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Nadya Peek receives NSF Early Career Award to support open-source digital/physical toolkit research

Leah Pistorius
March 1, 2024

Nadya Peek
Nadya Peek, assistant professor in Human Centered Design & Engineering

Nadya Peek, an assistant professor in the Department of Human Centered Design & Engineering, has received a Faculty Early Career Development (CAREER) Program Award from the National Science Foundation.

The CAREER Award is the NSF’s most prestigious award in support of early-career faculty who have the potential to serve as academic role models in research and education. The five-year, over $700,000 grant will support Peek and students in her lab, Machine Agency, in revolutionizing how we approach small-scale automation across the digital/physical divide. 

The precision and efficiency of automation can be useful for a wide variety of fields, from digital fabrication to laboratory science to cooking. However, setting up new automated workflows can be complex and expensive, requiring automation expertise and up-front engineering time. For practitioners working in smaller-scale production or with niche workflows—particularly with workflows using both hardware and software—the threshold to using automation remains high. This research aims to lower that threshold and equip people who may need a wide variety of automation strategies with toolkits to support them in automating their workflows across the digital/physical divide.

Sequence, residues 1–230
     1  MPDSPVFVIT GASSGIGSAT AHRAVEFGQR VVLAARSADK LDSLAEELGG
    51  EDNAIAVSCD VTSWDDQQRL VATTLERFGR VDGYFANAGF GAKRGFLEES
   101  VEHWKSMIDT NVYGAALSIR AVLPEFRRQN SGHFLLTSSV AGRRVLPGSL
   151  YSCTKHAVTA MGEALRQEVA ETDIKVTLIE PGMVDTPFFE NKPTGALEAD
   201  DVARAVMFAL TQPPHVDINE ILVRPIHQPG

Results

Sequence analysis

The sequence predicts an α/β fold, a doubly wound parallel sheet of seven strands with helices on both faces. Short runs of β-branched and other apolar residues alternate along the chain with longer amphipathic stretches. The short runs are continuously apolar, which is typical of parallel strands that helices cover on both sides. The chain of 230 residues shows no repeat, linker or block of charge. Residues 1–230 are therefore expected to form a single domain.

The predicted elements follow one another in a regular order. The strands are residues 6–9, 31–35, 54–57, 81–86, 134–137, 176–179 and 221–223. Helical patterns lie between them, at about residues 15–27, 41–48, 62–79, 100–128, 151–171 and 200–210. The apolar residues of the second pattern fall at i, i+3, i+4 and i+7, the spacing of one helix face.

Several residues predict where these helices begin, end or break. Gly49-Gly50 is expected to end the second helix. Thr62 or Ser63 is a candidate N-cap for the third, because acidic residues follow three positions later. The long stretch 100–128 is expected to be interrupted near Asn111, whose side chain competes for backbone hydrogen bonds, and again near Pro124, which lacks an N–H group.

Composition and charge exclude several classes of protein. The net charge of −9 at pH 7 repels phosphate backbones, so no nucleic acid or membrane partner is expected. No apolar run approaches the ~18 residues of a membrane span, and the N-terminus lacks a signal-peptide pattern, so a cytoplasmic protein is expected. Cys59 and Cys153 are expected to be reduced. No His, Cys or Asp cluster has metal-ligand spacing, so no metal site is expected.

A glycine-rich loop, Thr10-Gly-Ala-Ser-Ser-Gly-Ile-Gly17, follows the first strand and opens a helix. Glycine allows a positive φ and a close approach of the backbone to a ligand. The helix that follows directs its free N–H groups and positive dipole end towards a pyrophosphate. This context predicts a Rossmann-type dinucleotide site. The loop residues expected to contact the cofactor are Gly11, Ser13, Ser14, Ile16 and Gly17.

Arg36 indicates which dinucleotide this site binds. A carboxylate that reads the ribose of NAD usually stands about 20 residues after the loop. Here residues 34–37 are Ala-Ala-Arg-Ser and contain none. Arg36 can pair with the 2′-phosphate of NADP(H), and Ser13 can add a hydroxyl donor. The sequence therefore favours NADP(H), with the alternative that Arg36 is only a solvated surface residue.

Peek has three primary research goals with this project:

  1. Understanding work practices: By working with a wide range of practitioners whose work demands a variety of human-machine interfaces, Peek aims to understand current work practices and uncover appropriate systems for automation.
  2. Hardware toolkit development: Peek and her collaborators will create hardware toolkits tailored for automating physical/digital tasks such as fabrication, laboratory work, and materials engineering, and prioritize adaptability and customizability that will best suit the practitioner's needs.
  3. End-user software: Peek and her collaborators will develop user-friendly software for creating new physical/digital workflows. This software will be designed to emphasize customization and flexibility, enabling practitioners to have agency over their unique automation processes.

In addition to research, Peek is planning educational outreach through new courses that use the developed toolkits and workshops for the general public on how to use these toolkits in makerspaces. As with several of her other projects, Peek will release the toolkits as open-source and with clear documentation, aiming to facilitate widespread adoption and understanding of automation technologies.